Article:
Keep fighting, Tito

FC Barcelona have confirmed the unbearable news that their manager Tito Vilanova must take a leave of absence and continue his fight against cancer after a relapse. It’s a sad day for football, and as the battle goes on, we’re all behind you, Tito. [Art by Luke. GIFs via. Posted by Eric]

What does ‘més que un club’ mean?

In theory, ‘more than a club’ means feelings, it means a political idea of freedom and passion… for football, right?

At a time where politics and more importantly, Independència, is buzzing throughout the rambling state of Catalunya - FC Barcelona’s voice in the movement is long established. When Camp Nou makes a statement, people listen. Spanish football expert Sid Lowe explores FC Barcelona’s involvement in such a delicate and important issue - one which can completely transform Spain.

The journalist interviews a series of politicians, former and current board FC Barcelona members. In particularly, he underlines Joan Laporta’s role, the club’s former President and now an upcoming figure in Catalan politics.

"The Catalans had two options. Either do nothing and continue as we were… Or the option that has never been tried, which is to give as a solution the process for the independence of Catalonia."

FC Barcelona is a football club, although they are more than a club, or as they like to express it: ‘més que un club’. However, despite their involvement in Catalan politics, which is certainly pioneered through their board directors and passionate fans - the club must be careful, they can’t be used as a political engineer.

And as Cruyff states, "their attitude is one of the most improtant things - and sometimes it’s a battle."

The next weeks and months will be crucial in Catalonia’s fight for independence, and Barça too will be greatly affected - on or off the field; but it’s important to remember they are neither the protagonist nor the leader.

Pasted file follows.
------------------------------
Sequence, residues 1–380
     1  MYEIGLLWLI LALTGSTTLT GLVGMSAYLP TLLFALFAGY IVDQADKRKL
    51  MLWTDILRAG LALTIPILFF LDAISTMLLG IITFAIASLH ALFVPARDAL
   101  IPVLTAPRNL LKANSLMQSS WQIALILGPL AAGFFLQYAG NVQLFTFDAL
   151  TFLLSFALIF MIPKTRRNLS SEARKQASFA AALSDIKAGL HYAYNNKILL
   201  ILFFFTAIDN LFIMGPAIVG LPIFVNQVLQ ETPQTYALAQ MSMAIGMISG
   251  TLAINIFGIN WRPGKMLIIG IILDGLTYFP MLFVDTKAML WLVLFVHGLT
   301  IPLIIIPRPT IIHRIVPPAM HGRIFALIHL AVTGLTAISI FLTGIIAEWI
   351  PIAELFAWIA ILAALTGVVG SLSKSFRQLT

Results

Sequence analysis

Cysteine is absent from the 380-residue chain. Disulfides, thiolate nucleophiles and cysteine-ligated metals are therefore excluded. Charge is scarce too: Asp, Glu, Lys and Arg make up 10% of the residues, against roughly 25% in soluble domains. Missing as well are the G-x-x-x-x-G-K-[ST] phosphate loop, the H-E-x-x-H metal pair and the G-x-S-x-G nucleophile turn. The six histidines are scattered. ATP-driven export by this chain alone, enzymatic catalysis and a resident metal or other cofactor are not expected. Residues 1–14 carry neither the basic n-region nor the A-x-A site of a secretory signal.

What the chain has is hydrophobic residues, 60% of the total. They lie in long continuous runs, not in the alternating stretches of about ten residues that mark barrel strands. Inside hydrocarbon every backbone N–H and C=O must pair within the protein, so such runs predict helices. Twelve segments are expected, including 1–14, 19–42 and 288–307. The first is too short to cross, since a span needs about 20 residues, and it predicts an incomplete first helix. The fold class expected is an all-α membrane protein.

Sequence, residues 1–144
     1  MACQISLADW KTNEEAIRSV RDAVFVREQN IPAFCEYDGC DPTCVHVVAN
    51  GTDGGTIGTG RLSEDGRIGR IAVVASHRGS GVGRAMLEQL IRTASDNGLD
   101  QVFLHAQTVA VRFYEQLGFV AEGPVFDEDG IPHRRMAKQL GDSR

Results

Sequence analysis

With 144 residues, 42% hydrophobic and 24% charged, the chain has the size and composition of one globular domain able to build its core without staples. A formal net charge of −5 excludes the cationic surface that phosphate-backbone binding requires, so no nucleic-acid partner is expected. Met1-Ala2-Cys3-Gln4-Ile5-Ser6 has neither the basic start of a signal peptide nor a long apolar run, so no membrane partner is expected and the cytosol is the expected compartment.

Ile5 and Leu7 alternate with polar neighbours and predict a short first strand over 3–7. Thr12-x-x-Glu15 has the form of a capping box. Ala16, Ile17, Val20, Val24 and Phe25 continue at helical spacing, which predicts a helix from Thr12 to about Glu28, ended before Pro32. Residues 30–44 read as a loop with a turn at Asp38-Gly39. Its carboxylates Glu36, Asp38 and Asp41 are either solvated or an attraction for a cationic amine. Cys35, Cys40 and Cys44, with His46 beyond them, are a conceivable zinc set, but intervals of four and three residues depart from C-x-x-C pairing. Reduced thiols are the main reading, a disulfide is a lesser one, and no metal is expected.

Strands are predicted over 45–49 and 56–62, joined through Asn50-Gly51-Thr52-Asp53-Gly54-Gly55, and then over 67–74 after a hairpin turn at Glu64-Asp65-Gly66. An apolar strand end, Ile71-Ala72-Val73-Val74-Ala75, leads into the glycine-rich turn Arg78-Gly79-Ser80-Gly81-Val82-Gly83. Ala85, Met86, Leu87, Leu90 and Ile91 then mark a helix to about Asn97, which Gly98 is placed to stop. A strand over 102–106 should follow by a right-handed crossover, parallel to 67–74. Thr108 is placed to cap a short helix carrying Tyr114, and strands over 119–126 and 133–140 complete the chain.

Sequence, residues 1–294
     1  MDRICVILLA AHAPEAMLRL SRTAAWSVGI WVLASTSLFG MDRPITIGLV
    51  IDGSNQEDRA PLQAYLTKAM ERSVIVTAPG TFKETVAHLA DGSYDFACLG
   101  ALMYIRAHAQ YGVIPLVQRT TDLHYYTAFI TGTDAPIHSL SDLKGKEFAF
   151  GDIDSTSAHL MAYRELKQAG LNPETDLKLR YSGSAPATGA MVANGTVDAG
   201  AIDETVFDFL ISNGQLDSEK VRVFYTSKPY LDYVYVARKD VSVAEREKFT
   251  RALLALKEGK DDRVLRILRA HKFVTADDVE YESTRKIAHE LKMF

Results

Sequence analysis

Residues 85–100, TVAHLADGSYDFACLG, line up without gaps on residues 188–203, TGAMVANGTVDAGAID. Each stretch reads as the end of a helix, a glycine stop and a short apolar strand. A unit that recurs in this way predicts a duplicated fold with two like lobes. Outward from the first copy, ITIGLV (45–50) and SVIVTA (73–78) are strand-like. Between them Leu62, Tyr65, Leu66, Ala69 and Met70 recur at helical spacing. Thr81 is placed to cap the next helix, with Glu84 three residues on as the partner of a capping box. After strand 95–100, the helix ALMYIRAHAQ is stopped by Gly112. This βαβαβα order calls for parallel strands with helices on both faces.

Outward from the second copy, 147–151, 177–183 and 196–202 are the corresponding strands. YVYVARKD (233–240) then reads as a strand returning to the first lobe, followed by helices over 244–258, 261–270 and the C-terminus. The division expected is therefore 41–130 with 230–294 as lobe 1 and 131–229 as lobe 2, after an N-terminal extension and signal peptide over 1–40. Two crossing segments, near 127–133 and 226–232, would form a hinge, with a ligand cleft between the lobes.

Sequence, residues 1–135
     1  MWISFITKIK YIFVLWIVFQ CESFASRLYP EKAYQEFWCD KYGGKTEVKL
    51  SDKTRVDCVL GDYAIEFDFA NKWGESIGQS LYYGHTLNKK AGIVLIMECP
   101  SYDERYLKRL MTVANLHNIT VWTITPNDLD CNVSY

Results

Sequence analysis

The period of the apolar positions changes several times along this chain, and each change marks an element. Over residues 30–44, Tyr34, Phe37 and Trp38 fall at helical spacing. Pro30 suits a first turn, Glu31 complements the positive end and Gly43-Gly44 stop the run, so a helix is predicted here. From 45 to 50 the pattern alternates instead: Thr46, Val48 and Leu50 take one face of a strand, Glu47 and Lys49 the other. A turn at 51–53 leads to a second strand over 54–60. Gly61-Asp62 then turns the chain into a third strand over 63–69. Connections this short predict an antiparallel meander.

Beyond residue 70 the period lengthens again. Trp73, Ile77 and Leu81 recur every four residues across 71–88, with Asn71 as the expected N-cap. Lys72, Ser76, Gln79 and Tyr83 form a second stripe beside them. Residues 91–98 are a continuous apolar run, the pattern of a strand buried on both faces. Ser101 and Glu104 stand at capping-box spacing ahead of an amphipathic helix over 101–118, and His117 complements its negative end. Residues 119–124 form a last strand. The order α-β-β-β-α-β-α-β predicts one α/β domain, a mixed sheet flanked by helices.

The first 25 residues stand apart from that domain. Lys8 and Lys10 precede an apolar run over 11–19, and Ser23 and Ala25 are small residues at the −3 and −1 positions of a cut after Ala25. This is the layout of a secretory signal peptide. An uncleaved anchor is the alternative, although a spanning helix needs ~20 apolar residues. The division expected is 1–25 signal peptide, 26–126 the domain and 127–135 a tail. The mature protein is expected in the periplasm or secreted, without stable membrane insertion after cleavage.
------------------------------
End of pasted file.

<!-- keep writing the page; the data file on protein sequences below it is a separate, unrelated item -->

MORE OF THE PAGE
[This short documentary was first posted on the Guardian, by Sid Lowe - Posted by Dominic]

Imagining the Iberian Championship: Catalunya claims Group A

By Dermot Corrigan, imagining in Madrid

When the Iberian Championships was first mooted (last month, here on A Football Report), there was some skepticism in Spain as to the concept’s viability, given the tightness of the club schedule, rivalries between different footballing authorities with competing jurisdictions, the logistical challenges involved, fraught political atmosphere etc. But due to the diligence and far-sightedness of those involved in the project, and the generosity of a certain gulf-oil-money fuelled TV broadcaster looking to break into vital European markets, the first round of games is now taking place during this week’s international break.

As is customary in Iberia, the draw was organised to give the better supported teams the best possible chance of progressing, with the top four ranked sides - Castilla, Catalunya, Euskadi and Valéncia - securing home advantage for two of their three group games. Spain coach Vicente Del Bosque did the honours at the neutral territory of the Andorran FA HQ, with the coaches and captains of all eight teams showing up for the event, along with a healthy smattering of regional political dignitaries and cultural figures. There was a surprisingly positive mood of friendship and fraternity among all involved, especially with the first tranches of TV money being delivered up front.

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Capturing Catalunya and El Clásico

There was a decent game this past weekend, you might have heard about it. The best rivalry in all of sport brought ~400 ~800 million eyes onto the Camp Nou this Sunday to watch Leo be Leo, Cristiano be Cristiano, and witness the undeniable pride between what many Catalans would consider to be two different countries. Barçå vs. Madrid. Catalunya vs. España. It’s often said that if the region of Catalunya is a nation, then FC Barcelona is its army. Our friends at KICKTV were lucky enough to capture the monumental match and its associated political undertones. Times are tough in Spain, and cries of “Independencia!” haven’t been this loud in quite some time. [Posted by EB]

Pep, you kind of have to sign a new contract now…

With only two months left in La Liga’s season, Pep Guardiola has yet to sign a new contract with FC Barcelona. Of course, this is his policy. He only signs one-year contracts because he says he cannot look more than a year into the future. However, things are starting to get desperate in Catalunya. This classroom of Catalan kids did a brilliant Barça-themed take on “Ai se eu te pego” telling Pep to renew, renew! How can you say no to that?

Catalunya’s Annual Match. Professionals from six clubs playing for their heritage.